How to spot a newsworthy story

The Public Relations landscape may have changed dramatically over the last few years, particularly with the onset of digital and social media, but one of the bread and butter services of PR continues to be the press release. It remains one of the best ways to get your business’s message out there, to connect and communicate with journalists and therefore potential customers.

Despite being one of the most important tools of the PR trade, so many still get it wrong. Journalists often complain of press releases that are dull, vague, irrelevant or lacking in information. Tackling these issues is one of the keys to getting noticed and improving your media relations. Journalists receive hundreds of press releases everyday so it’s important to make yours stand out from the crowd.

Unsure what to talk about? Every company has a story to tell. The skill lies in sorting out the wheat from the chaff and focussing your PR on newsworthy stories. Really think about what you are putting out into the media domain and take a look at these 5 pointers to help you understand what makes a great story.

1. Timing

The modern world moves at an incredibly fast pace and so do its newsrooms. Topics which are current are good news. Consumers, more so than ever before, receive the latest updates instantly so a story which was relevant yesterday may not be today. Discussing your involvement in a motorsport event or automotive show that occurred a month ago will be ignored.

2. Proximity

Readers will take more notice to a story which has happened near to them .The closer the story to home, the more newsworthy it is. If your story relates to communities and businesses in Warwickshire then make sure to target the relevant local press and publications. Is the story important nationally or internationally? Think carefully about where your story has relevance.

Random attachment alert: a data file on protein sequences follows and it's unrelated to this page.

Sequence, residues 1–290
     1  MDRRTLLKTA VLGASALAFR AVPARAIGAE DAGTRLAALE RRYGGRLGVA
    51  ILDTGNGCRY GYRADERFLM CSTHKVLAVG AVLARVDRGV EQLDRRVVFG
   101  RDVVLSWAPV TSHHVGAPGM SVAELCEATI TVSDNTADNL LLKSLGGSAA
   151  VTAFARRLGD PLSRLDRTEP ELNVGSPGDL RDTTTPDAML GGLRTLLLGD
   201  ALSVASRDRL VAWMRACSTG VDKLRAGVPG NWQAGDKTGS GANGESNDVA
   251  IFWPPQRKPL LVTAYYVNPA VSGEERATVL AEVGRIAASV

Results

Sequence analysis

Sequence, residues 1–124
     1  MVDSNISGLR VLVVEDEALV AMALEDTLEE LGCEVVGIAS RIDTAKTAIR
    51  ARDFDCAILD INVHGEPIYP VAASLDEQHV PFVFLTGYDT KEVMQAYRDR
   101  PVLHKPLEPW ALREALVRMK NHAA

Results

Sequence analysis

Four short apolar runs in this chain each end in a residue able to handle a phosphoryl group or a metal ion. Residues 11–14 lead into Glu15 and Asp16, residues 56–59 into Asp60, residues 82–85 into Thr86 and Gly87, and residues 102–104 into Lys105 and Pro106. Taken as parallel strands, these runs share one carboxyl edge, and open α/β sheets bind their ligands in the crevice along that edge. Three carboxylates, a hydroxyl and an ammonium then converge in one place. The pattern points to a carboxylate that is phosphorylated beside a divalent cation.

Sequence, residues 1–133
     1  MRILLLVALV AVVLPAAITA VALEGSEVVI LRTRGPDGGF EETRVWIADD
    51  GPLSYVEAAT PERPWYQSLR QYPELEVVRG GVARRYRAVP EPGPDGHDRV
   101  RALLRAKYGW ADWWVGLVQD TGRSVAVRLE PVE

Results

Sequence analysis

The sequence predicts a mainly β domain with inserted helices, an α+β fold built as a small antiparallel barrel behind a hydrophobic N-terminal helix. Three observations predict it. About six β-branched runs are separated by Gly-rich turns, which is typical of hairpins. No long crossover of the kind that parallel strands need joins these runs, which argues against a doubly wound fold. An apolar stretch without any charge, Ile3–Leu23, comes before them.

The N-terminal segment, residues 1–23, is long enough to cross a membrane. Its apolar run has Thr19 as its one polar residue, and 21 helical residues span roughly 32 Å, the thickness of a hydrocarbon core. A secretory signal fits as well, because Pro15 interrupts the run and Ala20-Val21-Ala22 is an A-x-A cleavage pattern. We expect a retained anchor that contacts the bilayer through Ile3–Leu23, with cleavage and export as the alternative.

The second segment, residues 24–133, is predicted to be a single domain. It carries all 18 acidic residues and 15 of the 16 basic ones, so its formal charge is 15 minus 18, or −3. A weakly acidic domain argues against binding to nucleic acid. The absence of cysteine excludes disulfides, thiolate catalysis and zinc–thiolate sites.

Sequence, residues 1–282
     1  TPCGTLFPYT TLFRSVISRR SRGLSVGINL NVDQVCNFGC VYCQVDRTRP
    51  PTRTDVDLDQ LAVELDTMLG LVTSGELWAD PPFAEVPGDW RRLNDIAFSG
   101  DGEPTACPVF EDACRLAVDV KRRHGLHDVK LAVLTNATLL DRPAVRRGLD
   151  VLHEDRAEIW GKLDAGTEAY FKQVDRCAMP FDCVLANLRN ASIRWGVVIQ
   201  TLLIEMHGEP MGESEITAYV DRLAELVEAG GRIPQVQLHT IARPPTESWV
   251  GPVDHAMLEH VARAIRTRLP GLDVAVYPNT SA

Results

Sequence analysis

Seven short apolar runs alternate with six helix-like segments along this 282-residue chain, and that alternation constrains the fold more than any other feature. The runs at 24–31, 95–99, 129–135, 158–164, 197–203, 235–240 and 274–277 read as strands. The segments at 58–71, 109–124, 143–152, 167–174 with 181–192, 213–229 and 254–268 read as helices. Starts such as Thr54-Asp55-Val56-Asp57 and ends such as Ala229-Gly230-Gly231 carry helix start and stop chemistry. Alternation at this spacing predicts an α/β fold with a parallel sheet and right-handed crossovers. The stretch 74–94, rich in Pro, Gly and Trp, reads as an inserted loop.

3. Unexpected

Anything out of the ordinary has the potential for great news. ‘Dog bites man’ isn’t news. But ‘Man bites dog’?! Now that’s a story. Has your business got any unusual automotive news? Have you contributed something new and exciting to the industry?

4. Continuity

Is an issue or topic that relates to your business being already being discussed in the media and out in the public domain? Whether it is road safety campaign or general motoring advice, have your say and utilise your expertise and industry knowledge.

5. Personalisation:

Does your story have a ‘human interest’ angle? Does it relate to an individual in the organisation? Has anyone in the company achieved anything significant, such as raising money for charity?

These simple rules should give some extra zing to your news stories but if you need some extra inspiration or help in focusing your business’s news then get in touch with us. Email us at, tweet @RedMarlinPR or call us on 01926 832395.


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